Friday, November 16, 2012

Friday Evening Links

This and that to end your week.

- Tavia Grant writes that at least one region of the globe - Latin America - is seeing some real progress in combating inequality. And the World Bank has some ideas to keep up the momentum:
The bank still sees room for improvement. It recommends governments incorporate the goal of equal opportunity into public policy and make further reforms to strengthen the social protection system.

It also urges governments to break the “vicious cycle” of low taxation and low quality of public services, by using some of the region’s commodity windfall to improve public services.
- Back in Canada, it's another week, another finding of pollution caused by the tar sands and covered up by the Harper Cons. Not to mention a concerted effort to exploit foreign labour to ensure Canadians can't find good jobs. Nothing to see here. Enjoy your publicly-funded propaganda campaign.

- Though Jeffrey Simpson does maintain enough residual faith in the prospect of making improvements to suggest that a national drug plan for seniors is in order. And Lawrence Martin is downright Pollyannaish in suggesting the Harper Cons might recognize that a judicial finding of electoral fraud might cast their legitimacy into enough doubt to require a federal election.

- Finally, Stephen Whitworth doesn't see much more reason for optimism at the provincial level:
(O)ne gets the distinct sense that Saskatchewan’s current leadership class have no vision, no imagination, no appreciation for the arts and no respect for the great things about this province’s history.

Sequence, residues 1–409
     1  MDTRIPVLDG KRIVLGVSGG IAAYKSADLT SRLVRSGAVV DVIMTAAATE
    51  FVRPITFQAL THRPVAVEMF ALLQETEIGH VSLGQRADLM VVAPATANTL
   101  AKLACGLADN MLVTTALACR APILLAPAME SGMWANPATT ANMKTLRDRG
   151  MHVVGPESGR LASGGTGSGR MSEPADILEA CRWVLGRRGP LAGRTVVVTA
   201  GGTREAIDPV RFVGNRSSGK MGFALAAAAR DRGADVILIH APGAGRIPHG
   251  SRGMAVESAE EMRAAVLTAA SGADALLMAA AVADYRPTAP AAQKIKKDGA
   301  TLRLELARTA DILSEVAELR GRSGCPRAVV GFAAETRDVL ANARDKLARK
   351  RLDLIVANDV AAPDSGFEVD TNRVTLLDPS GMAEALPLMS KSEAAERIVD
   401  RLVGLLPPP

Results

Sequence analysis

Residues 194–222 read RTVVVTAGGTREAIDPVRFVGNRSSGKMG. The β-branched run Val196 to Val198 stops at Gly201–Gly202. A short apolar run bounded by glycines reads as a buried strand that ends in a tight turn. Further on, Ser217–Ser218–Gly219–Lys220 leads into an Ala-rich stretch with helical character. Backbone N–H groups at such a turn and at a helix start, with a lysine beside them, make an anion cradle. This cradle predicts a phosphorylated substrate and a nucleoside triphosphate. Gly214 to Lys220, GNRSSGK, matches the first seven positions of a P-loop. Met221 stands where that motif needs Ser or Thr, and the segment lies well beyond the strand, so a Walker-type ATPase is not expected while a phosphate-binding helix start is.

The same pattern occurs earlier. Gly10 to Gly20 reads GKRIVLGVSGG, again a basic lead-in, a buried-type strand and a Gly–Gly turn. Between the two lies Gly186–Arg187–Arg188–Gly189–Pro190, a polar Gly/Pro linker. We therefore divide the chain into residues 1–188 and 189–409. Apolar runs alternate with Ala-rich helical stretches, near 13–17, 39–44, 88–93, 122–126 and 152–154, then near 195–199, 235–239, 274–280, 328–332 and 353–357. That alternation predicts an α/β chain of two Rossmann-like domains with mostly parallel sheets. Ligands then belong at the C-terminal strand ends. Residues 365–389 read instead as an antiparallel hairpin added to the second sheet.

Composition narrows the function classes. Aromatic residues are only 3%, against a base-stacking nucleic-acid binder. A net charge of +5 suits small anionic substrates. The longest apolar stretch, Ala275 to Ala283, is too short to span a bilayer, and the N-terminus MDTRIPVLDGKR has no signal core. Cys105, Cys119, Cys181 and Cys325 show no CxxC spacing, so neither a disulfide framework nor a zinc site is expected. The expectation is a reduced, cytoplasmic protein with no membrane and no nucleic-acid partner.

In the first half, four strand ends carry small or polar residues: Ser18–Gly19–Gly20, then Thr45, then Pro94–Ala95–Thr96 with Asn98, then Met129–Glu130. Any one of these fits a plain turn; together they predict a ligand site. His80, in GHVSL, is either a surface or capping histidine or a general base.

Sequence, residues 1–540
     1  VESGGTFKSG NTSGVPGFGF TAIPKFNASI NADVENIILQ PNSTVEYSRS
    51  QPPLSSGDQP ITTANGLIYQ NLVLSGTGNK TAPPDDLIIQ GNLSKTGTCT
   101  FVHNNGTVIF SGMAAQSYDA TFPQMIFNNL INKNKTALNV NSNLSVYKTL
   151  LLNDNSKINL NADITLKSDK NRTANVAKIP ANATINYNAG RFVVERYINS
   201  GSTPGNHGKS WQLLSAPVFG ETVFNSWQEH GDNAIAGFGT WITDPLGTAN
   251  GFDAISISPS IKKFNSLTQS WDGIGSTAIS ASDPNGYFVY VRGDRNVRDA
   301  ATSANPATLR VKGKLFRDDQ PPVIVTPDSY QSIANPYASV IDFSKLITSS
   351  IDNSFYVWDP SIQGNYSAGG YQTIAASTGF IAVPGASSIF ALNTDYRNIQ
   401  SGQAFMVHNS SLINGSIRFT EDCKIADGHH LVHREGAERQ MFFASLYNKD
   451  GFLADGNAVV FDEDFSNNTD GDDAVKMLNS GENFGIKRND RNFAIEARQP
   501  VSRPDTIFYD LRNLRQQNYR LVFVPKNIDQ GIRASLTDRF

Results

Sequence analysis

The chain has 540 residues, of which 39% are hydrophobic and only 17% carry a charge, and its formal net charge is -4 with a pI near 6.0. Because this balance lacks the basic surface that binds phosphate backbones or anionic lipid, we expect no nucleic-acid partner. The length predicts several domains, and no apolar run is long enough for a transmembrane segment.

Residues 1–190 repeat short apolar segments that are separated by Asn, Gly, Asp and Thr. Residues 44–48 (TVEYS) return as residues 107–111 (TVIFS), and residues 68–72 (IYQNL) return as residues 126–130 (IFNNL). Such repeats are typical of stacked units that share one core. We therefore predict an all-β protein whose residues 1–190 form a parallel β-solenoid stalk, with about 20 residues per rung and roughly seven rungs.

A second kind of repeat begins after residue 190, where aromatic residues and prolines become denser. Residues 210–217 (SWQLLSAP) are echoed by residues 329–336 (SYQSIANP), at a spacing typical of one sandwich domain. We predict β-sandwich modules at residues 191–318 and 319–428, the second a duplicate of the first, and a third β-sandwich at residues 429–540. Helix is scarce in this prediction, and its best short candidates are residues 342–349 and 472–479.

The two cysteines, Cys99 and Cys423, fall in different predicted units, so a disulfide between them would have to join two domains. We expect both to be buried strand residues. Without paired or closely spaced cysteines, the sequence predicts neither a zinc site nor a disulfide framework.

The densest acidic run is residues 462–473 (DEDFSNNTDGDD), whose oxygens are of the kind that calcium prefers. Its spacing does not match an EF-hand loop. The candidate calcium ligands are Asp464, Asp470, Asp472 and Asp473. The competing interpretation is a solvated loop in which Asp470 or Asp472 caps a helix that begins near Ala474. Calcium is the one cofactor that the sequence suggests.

I submit that everything cool is getting kicked because in general, the business class and its toady politicians are ashamed of Saskatchewan’s historic achievements, which really, all come from the political left: health care, crown corps, arts boards and the co-operative sector. All that stuff really did make this place better but our conservative-types didn’t build it (actually, they fought it every step of the way) so they have to dismantle it. Because if they can’t have a legacy, NO ONE gets a legacy.

I mean, we’re in a boom and we’re starving our universities for funding? What a joke. I thought Saskatchewan was a have-province.


  1. Sam Gunsch9:38 a.m.

    re this excerpt: "I mean, we’re in a boom and we’re starving our universities for funding? What a joke. I thought Saskatchewan was a have-province."

    Obviously, they've been studying from the code of practice of Alberta's Tories refined over the last 20 years of our petro-state glory since the Klein-era launched in Calgary corporate towers.

    Sam Gunsch

  2. Anonymous11:28 a.m.

    To all,

    There is no need to frame these things in "left/right" or "class" terms, as Whitworth has done. Teacher may have rewarded you for such fanciful framing in some poli-sci course...but the general culture will resent you for it.

    The culture & tradition of your province is under attack.

    In this battle, you are the true (small "c") conservatives. You seek to preserve - perhaps even strengthen - the foundations.

    By contrast, your opponents behave as childish radicals. In their zeal to establish an empty counter-culture, they hurl molotov's at those long/hard-built foundations.

    And as Sam Gunsch points out, there is an element of treason lurking just under the surface. Brad Wall & his Sask. Party are clearly under the influence, if not direct guidance, of the foreign & slick nouveau-riche elites of Alberta.

    Once the people of Saskatchewan are made aware of this context, the "Saskatchewan Party" will be recognized as the Orwellian abominations that they truly are.

    Dan Tan